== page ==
In preparation for an increase in Medicaid beneficiaries, primary care providers will start seeing their reimbursement increase under Medicaid to match the levels being offered through Medicare.7 For many, this could mean a 20% increase when caring for individuals with Medicaid. This increase will remain in effect in 2014, bringing primary care fees for Medicaid, which covers indigent patients, in line with those for Medicare, which insures elders and some disabled patients. Although states and the federal government jointly fund Medicaid, the pay boost would be covered entirely with federal dollars totaling more than $11 billion over the 2 years it would be in effect.

These increases are good news for primary care providers, especially because providers continue to be threatened with two reductions in their reimbursement. First, the Budget Control Act of 20118 imposed caps on discretionary programs to reduce funding by more than $1 trillion during the next 10 years. That act also created a Joint Select Committee on Deficit Reduction to propose legislation to reduce deficits by another $1.2 trillion, and it put in place a sequestration provision to encourage the committee to reach a budget agreement; however, because the Joint Committee was unable to reach a budget agreement, across-the-board payment cuts (and tax increases) took effect in January (“fiscal cliff”). This includes a 2% reduction in the Medicare payment rate and might mean even greater cuts to discretionary federal spending programs, such as Title VII primary care training grants. For now these cuts have been put on a temporary hold, but they continue to loom large.

The second looming cut in physician reimbursement that has been hanging overhead for the last several years is the Sustainable Growth Rate (SGR). Scheduled to impose a 26.5% cut in Medicare reimbursement starting on January 1, 2013, this has once again been delayed. A permanent fix for the SGR has yet to be achieved, and this delay will only increase needed future cuts.9 

On top of the proposed 29% reductions, providers are also concerned that additional decreases in reimbursement will come with future financial penalties if they do not successfully participate in multiple Medicare programs, including the e-prescribing program, the EHR meaningful use program, and the Physician Quality Reporting System (PQRS), as well as the value-based modifier. But in addition to sticks, carrots are also being dished out to geriatric care providers.

CMS issued a new policy to pay physicians to coordinate patients’ care in the 30 days following a hospital or skilled nursing facility stay.10 This recognizes the work of community physicians in treating patients following a transition of care and strives to ensure better continuity of care and reduce readmissions. Physicians can bill one of two codes, depending on the complexity of the service provided. The higher-level billing code requires a face-to-face visit with the patient within 1 week of discharge, and this code is expected to provide a reimbursement of $230. The lower-level code, which requires a face-to-face visit within 2 weeks, is expected to provide a reimbursement of $160. These carrots are expected to increase payments to geriatric care providers between 3% and 7%.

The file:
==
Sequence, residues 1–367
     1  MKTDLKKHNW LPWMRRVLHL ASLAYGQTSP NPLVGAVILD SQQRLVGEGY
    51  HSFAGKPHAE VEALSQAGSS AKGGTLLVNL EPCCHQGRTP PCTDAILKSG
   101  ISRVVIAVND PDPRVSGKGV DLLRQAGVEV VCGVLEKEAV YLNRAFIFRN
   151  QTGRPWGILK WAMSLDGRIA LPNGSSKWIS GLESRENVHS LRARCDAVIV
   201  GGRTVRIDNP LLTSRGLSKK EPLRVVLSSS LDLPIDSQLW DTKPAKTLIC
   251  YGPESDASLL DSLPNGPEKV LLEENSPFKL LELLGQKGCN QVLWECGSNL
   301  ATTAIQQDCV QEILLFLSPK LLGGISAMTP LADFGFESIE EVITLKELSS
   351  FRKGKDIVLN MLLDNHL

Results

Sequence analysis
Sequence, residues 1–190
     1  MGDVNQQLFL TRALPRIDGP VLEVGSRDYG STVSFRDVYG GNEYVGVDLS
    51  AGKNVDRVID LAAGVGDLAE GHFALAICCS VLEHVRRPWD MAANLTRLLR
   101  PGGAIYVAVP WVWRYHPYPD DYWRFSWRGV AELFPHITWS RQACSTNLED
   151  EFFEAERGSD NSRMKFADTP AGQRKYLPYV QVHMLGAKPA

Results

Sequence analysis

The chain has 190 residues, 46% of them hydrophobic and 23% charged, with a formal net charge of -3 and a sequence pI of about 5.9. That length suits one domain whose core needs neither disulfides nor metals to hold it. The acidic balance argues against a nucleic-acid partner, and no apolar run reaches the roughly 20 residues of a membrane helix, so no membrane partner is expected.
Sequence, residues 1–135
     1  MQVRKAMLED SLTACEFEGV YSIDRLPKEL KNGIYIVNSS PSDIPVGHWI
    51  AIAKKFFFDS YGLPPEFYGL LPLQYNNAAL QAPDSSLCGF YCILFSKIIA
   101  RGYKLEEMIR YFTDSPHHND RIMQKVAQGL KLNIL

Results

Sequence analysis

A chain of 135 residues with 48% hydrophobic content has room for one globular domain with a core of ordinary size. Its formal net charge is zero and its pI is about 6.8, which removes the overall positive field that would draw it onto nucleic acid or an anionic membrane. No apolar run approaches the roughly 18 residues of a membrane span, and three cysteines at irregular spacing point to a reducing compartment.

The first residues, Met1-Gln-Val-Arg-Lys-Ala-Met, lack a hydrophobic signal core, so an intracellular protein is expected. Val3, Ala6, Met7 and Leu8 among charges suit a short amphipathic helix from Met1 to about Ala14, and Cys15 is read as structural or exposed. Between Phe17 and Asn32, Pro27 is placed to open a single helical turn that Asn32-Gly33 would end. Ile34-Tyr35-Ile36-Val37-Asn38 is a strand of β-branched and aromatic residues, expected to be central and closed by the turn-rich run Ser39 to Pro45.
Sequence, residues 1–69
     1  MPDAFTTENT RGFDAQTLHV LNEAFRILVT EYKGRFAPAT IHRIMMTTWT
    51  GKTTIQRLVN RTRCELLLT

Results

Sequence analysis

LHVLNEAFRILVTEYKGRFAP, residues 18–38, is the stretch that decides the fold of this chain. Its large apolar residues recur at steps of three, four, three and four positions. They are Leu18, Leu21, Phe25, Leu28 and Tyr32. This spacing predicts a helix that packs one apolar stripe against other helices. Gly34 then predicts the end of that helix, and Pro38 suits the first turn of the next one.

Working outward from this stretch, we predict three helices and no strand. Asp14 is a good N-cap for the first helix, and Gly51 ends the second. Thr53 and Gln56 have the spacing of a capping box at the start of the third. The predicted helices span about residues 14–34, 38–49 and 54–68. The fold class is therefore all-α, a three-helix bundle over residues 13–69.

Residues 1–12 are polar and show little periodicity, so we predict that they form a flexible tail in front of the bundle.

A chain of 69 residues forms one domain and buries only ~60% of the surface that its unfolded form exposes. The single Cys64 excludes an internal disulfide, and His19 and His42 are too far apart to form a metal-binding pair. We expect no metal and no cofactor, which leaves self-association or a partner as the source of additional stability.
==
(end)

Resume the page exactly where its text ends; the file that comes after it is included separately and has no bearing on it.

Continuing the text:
Expansion of Accountable Outcomes 
The shift from fee-for-service, volume-based reimbursement to pay-for-performance or paying for accountable outcomes means that geriatric care providers will be held accountable for even more outcomes. These outcomes include hospital readmissions, physician quality reporting systems, score on a five-star rating system, and use of e-prescribing and EHRs.

This first year of the Medicare hospital readmission program11 has already estimated it will recoup about $280 million from hospitals that readmit too many patients within 30 days of being treated for a myocardial infarction, heart failure, or pneumonia. This program is expected to be expanded and will impact not only hospitals, but also geriatricians caring for these patients after their discharge. These providers will be held accountable by their hospital partners for implementing systems that reduce hospital readmissions.

This year, Medicare Advantage plans will start to receive bonus payments based on quality ratings. While for several years, CMS has posted quality ratings of Medicare Advantage plans to provide Medicare beneficiaries with additional information about plans offered in their area, Medicare is now using a five-star rating system12 to determine allocation of bonus funds. This focus on Medicare Advantage plan quality measures will force geriatric care providers to deliver on these measures as well. 

In addition, CMS will accept PQRS quality measures data extracted from a qualified EHR product for a limited subset of proposed quality measures. Providers who successfully report the PQRS measures are eligible to receive 0.5% of their total estimated Medicare Part B Physician Fee Schedule allowed charges for covered professional services furnished during 2013.